Web 2.0 was all about changing the Internet from a solitary experience to one in which you are a consumer of content to one in which you are creating and sharing as par for the course.
Today’s social media took it to an extreme. Tweets drive Twitter. Facebook made sharing cat pictures and status with your friends easier, before making it difficult to see unless you opt-in twice, once by liking and once by saying, “Yes, I mean it, I want to see this account’s updates, please.” Pinterest became a huge force in its own right, and it’s all about pinning interesting things you find elsewhere.
Recently I’ve been seeing quite a bit written about the downsides of social media. Steve Pavlina wrote last month about taking a year off from social media and feeling much more conscious and in control of his life. He could concentrate on what’s important, such as planning out how he was going to accomplish important goals.
Social media gives us instant feel-good rewards for doing next to nothing of value. When those rewards are no longer so easily accessible, we have to work harder for those same feelings. When we accomplish something meaningful to create that dopamine surge, the feelings can positively guide our behavior, and those feelings can stack up and create lasting motivation to tackle more sizable goals and projects.
MMO designer and author Brian Green of Pscyhochild’s Blog is writing daily posts for Blaugust, and he’s focusing on what he doesn’t like about social media this week, analyzing how it works and what the repercussions are for discourse in society.
…the nature of social media is that it polarizes people. Often if someone doesn’t appear to directly support a position, some assume they must support the opposite and are therefore the Great Satan. Nuanced views are often looked at with suspicion. This causes a lot of frustration, as it closes off useful discussion.
While I’m a fan of social media, I find myself agreeing. I’ve had to make the decision to stop checking Facebook first thing in the morning because I found it to be a time suck. I get more important things accomplished when I focus on them than on seeing what funny video was shared today or what notifications I should check. It took me awhile to resist the urge to type “f+TAB+Enter” in my browser first thing when I sit in front of the computer, since Facebook showed up as the first entry every time. I find myself checking notifications on Twitter on my phone throughout the day, and when my app is not pushing them, I go in and check anyway in case the notification function is broken. It’s bizarre and makes it hard to concentrate.
And the content is generally terrible. <insert picture of Grumpy Cat here>
I see clickbait headlines that promise things that will blow my mind that usually garner no more than a shrug, yet I’ve already clicked on the bait and wasted my time. At some point, I got fatigued by it and stopped clicking, but I admit it took me awhile to catch on.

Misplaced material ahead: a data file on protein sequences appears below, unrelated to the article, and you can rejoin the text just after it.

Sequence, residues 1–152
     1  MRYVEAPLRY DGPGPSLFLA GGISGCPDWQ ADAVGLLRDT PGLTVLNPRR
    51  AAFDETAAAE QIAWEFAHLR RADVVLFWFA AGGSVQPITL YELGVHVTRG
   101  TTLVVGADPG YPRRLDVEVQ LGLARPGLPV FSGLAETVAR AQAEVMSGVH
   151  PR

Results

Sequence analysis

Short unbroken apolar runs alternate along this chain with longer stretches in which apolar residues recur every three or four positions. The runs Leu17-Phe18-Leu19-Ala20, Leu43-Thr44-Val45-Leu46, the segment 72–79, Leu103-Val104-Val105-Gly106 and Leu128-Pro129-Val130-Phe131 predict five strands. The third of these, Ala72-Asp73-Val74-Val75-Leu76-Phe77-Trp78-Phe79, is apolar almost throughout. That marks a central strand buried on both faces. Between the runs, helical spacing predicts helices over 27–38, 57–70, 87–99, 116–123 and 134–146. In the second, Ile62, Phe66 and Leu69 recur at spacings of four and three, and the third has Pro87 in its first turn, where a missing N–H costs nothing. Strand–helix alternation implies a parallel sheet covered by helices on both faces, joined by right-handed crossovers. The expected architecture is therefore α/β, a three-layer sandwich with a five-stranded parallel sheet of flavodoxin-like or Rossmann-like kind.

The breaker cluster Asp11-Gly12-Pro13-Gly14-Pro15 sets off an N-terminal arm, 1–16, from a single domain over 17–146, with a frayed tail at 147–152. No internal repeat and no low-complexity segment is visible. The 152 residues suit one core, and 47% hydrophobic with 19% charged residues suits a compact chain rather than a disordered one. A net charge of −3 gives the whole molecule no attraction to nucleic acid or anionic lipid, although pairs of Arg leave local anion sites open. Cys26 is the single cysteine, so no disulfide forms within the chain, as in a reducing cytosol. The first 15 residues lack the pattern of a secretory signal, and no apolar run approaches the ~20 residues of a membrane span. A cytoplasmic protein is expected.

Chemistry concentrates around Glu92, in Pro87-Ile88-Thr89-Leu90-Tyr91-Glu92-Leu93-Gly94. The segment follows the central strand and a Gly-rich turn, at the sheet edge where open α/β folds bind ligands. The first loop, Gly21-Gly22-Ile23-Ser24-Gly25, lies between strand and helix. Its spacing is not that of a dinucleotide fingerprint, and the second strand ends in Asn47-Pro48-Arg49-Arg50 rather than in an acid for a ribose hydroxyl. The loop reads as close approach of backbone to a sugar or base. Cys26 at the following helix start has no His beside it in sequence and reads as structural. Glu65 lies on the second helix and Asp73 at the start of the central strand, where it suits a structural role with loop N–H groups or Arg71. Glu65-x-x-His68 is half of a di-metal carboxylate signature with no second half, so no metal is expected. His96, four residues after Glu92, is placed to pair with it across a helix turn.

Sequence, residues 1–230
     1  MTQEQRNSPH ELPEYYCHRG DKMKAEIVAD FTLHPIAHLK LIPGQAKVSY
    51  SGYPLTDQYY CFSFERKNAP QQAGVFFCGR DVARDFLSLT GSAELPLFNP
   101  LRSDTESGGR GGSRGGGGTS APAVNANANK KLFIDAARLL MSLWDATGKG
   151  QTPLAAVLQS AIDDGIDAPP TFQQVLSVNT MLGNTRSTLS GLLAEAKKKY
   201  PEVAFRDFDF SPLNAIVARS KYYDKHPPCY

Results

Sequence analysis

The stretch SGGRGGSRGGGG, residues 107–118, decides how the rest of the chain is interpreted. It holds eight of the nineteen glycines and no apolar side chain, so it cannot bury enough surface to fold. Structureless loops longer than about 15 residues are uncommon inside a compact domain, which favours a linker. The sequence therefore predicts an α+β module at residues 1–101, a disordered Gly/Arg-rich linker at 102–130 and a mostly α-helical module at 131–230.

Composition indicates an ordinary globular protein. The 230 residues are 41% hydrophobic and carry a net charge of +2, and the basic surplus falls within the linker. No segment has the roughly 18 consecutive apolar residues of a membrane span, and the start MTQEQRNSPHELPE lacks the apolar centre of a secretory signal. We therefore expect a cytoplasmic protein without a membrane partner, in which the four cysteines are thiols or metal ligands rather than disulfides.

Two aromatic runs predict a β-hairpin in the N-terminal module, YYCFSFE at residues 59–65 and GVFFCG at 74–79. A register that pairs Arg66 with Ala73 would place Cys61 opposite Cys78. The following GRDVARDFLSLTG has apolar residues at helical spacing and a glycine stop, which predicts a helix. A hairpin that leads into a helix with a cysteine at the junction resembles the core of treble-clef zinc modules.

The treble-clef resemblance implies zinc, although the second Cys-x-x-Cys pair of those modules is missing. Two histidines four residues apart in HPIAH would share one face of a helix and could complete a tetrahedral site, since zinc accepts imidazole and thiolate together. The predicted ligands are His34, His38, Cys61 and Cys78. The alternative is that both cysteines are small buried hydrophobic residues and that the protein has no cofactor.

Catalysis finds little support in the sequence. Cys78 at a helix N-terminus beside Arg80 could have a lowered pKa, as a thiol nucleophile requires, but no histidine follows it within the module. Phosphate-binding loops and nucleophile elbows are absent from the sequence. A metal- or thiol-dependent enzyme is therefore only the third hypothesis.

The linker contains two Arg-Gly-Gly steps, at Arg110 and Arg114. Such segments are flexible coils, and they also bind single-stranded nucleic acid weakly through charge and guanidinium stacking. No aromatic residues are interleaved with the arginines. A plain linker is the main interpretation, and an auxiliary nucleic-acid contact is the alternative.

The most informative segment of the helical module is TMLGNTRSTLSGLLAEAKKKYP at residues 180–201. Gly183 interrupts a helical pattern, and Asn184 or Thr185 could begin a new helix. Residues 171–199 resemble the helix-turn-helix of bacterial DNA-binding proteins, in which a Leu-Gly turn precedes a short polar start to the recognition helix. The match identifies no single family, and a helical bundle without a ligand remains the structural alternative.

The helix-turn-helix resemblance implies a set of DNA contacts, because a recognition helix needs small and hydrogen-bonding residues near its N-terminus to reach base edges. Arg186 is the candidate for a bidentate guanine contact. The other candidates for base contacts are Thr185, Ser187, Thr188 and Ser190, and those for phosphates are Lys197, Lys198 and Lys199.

I see friends posting hateful statements in public view that they would never say in person, or at least I would hope they wouldn’t.
Every so often I see something genuinely inspirational, but it can be buried among the vapid motivational quotes and celebrity put-downs.
Why do we spend so much of our time actively looking at this stuff? And why do we seem to keep distracting ourselves with it when we know we have more important things to do? How else is it changing our behavior?
Social media makes it easier to share, but I get confused by the work flow of blog readers these days. Someone will click on a link in Facebook or Google+ to a blog post, read the post, then instead of commenting at the bottom of the actual blog post, they go back to the social media platform they came from and comment there. And the thing is, I do this, too. Instead of treating the blog post as the source of the conversation, it’s as if it is the social media platform that is the driver and the blog is a temporary stop.
I actually miss the old days when bloggers would write comments on each other’s blogs, when a response to your post would as often as not be a post on someone else’s blog linked back to yours instead of disappearing into the hard-to-find social media comments section.
I miss people blogging because they had something to say, not because they were part of a blogging collective interested in selling you on some narrative, trying to get you to see and click on ads while giving you feel-good or feel-angry notions for a few seconds until you click on the next thing.
All that said, social media is probably here to stay, and luckily it is amazing because while it can seem like nothing but pictures of breakfast and pithy sayings to some, it means getting around authoritarian censorship for others. That is, real and dangerous censorship, not the kind that people made up to mean they don’t like the consequences of their free speech. It means keeping in touch with people you met at a conference. It means meeting new, like-minded people.
Social media allows the invisible to become visible. Hashtags such as #BlackLivesMatter are used to raise awareness of racial injustice. Many people of privilege are more aware that they even have privilege than before. Major accomplishments in science, such as NASA’s New Horizons flyby of Pluto, means a lot of excitement and hope for humanity that may translate into children today becoming the scientists of tomorrow. People no longer limit their social circles to geographic locations, which is great for us in the flyover states.
So, there’s a lot of good in social media as well.
But social media makes all of us publishers. Did we waste each other’s time with what we put out into the world? Will we be proud of it when we look back?
Or will we simultaneously feel glad that no one can easily find it a few days after we hit the Share button and feel worried that it’s out there for someone to find if they really dig for it?